But Rudd's potential candidacy is shaping up to be quite different from that of any of his colleagues. For a start, there is his intellectualism. While many a Labor figure has been lauded for intellectual contributions, including Latham, Bob Carr, Gough Whitlam and Don Dunstan, Rudd's command of foreign languages and international affairs on the one hand, and his articulation of more prosaic social issues such as family on the other, hold appeal for both ends of town - the leafy Liberal suburbs and the struggling Labor fringes.
A second important difference is Rudd's strong sense of spirituality, something that emerges in the McKew interview. Rudd, a practising Christian, recently called for the need for prayer to seek wisdom 'far beyond our own' and to 'help craft a new world where there will be no more Balis'.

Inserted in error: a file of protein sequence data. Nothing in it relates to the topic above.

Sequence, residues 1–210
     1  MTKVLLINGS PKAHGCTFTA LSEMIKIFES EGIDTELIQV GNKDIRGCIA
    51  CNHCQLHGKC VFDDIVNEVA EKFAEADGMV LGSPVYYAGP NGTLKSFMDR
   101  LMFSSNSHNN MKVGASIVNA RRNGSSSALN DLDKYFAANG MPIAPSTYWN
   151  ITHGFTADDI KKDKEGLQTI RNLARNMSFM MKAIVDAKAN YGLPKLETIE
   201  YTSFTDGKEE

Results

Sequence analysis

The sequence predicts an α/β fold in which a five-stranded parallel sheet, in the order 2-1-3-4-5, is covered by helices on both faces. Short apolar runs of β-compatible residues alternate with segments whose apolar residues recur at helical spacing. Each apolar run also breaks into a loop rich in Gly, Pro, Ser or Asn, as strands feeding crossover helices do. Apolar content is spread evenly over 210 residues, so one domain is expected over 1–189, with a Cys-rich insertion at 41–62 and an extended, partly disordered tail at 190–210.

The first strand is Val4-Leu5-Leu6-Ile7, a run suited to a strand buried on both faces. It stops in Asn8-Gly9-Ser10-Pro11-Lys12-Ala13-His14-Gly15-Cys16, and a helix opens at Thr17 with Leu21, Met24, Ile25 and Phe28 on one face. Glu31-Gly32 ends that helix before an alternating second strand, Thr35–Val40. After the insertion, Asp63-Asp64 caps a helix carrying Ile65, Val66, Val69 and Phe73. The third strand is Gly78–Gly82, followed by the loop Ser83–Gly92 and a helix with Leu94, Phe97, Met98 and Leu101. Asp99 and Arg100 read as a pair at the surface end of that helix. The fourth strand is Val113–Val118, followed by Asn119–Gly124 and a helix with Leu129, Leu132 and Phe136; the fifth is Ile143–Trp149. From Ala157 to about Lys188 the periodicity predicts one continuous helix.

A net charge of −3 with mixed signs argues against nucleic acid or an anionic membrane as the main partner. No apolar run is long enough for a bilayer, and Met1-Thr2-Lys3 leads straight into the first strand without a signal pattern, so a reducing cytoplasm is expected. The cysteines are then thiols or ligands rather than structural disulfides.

Such a sentiment might not sit well with an increasingly agnostic Australia. But those who criticise Rudd for his views are missing the point. Although he might be calling for a specifically Christian response to global and domestic uncertainty -- whether fighting international terrorism or simply defining what it means to be an Australian in 2003 -- his general thrust remains legitimate.
We are probably safe from a religious right takeover while the third graf of this extract remains a valid observation.